I do beg to differ with Mr Twain. When you don’t know, you make up stories to fill in the gaps. Before I knew the truth of my adoptee parent’s origins – I thought both of my parents must be mixed race – my mom was black and white and my dad was Mexican and white. Neither one of those turns out to be true.
My mom wouldn’t explain how she could have been born in Virginia but adopted at 6 months old in Memphis. She did know that Georgia Tann was in the baby stealing and selling market. My mom died still not knowing the truth because Tennessee couldn’t provide whether her dad was alive when she wanted her file (though he had already been dead 30 years by that time).
My mom’s story went this way. She was born to illiterate parents in Virginia. A nurse at the hospital was in cahoots with Georgia Tann. She gave my mom’s parents papers to sign that they couldn’t read. She said the nursery was too crowded and so they needed to move my mom. When her mother was released and went to retrieve her – she was gone. In my mom’s polite language with the Tennessee officials (though she believed firmly she had been stolen), she referred to her adoption as inappropriate.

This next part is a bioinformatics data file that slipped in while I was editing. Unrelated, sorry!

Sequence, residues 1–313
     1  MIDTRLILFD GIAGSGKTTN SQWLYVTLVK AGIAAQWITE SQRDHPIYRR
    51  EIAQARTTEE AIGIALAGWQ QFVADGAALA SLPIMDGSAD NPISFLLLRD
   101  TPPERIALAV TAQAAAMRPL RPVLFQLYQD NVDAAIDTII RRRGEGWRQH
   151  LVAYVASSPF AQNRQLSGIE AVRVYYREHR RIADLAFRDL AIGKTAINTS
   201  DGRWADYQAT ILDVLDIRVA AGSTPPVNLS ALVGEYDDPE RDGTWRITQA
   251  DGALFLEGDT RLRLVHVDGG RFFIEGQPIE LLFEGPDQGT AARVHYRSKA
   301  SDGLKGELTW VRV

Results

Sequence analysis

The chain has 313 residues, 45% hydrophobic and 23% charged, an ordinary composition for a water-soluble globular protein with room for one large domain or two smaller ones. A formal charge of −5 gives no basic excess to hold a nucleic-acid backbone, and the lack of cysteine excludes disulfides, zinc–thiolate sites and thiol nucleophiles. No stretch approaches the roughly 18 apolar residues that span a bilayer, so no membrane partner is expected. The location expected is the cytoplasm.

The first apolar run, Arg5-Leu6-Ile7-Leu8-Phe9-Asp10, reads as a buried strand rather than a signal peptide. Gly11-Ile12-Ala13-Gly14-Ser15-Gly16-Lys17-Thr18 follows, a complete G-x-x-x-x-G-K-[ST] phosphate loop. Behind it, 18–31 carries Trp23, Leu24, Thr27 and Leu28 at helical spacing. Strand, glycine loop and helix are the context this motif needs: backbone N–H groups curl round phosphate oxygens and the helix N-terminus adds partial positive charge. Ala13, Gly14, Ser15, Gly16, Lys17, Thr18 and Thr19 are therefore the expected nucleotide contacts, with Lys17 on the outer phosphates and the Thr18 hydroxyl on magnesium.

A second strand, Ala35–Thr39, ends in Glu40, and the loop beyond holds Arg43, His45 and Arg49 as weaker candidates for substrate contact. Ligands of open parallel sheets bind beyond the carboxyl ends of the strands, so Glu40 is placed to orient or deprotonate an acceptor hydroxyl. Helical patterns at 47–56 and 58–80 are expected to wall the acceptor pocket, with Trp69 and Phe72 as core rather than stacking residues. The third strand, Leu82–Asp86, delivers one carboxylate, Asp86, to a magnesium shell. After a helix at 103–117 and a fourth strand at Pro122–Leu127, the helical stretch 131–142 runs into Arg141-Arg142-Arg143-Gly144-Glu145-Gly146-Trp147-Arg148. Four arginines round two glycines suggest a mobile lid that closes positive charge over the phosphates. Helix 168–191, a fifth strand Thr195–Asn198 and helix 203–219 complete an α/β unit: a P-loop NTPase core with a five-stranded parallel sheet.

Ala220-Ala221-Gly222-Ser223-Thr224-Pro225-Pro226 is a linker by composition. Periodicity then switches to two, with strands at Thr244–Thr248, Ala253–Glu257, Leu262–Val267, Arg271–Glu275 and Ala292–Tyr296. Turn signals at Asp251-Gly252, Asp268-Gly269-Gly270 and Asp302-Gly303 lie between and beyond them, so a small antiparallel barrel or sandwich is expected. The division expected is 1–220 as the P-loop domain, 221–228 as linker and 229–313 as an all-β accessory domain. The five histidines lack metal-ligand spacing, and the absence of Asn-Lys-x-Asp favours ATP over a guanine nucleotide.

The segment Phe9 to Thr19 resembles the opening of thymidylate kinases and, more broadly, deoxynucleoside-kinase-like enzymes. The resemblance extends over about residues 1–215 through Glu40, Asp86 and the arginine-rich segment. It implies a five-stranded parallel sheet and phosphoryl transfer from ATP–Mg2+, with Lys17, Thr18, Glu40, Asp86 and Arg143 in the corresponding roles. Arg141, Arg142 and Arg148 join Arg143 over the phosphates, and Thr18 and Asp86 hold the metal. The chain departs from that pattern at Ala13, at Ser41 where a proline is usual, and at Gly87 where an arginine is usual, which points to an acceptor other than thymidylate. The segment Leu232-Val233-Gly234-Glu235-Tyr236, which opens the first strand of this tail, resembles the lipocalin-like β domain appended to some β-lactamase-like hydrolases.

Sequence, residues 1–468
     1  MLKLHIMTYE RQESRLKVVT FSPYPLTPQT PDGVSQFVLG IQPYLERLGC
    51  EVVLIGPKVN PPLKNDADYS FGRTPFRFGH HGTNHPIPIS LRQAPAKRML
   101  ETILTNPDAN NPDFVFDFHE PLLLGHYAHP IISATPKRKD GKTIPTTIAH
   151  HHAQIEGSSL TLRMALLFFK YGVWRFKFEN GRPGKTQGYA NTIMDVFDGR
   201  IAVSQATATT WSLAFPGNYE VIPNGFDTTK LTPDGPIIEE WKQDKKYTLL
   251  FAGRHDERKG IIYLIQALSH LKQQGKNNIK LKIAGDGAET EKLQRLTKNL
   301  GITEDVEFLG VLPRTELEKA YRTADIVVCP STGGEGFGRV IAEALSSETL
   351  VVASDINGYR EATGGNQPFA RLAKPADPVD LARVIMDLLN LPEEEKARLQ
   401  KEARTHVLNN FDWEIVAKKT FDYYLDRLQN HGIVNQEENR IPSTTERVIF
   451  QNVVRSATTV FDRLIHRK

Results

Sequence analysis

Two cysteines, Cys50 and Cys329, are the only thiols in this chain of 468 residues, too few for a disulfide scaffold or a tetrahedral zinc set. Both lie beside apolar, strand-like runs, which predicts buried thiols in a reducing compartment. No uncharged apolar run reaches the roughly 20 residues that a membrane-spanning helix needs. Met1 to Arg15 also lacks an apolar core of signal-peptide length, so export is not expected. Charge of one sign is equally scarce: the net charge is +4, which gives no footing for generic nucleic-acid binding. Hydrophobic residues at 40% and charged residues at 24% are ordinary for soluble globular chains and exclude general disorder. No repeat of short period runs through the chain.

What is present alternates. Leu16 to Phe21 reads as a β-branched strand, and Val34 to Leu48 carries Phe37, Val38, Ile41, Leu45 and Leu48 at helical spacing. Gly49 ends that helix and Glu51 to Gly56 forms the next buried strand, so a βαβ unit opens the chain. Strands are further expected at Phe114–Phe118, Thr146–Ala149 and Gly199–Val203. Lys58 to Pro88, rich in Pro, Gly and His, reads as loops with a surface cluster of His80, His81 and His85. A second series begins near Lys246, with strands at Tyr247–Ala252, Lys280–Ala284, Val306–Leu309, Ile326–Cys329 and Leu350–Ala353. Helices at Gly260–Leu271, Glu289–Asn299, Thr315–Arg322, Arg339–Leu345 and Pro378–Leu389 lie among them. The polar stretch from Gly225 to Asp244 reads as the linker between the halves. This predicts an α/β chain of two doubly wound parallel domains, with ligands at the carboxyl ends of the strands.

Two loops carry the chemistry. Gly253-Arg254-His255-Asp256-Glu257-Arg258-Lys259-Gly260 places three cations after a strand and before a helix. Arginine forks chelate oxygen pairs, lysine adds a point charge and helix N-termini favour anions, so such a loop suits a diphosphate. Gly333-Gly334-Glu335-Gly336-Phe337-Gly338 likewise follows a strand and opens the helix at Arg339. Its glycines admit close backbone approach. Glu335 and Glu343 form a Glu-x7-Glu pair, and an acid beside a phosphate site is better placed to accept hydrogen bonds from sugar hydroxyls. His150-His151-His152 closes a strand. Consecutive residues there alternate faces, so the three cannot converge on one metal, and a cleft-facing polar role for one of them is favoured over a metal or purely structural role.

Truth was my maternal grandmother was exploited by Georgia Tann in her desperate financial situation. She was married. I have a story about my maternal grandfather. His first wife died almost 9 months pregnant in the dead of winter with the baby still in her womb. I have thought consciously or not, he was concerned because he was WPA, the children from his deceased wife were in Arkansas, his job in Memphis had ended and he went back to Arkansas. He was insecure as to his living conditions there and so didn’t take my grandmother at 4 mos pregnant, also due to deliver in the dead of winter with him. My cousin who has the same grandfather does not believe he was the kind of man to abandon his family that way. I can’t know – no one left living to tell me. My mom didn’t feel close to him and maybe that is because her own mother felt abandoned.
My dad was adopted from the Salvation Army. When his adoptive parents died, he found a letter copy to the Texas requesting the altered birth certificate that mentioned his mother’s name as Delores. Growing up on the Mexican border in El Paso TX, until I finally knew better, my story about my dad was that his mother was Mexican and his father white. Her family would not accept a mixed race baby so she took him into El Paso and left him on the doorstep of the Salvation Army with a note to please take care of her baby. Understandable given the circumstances but still not true.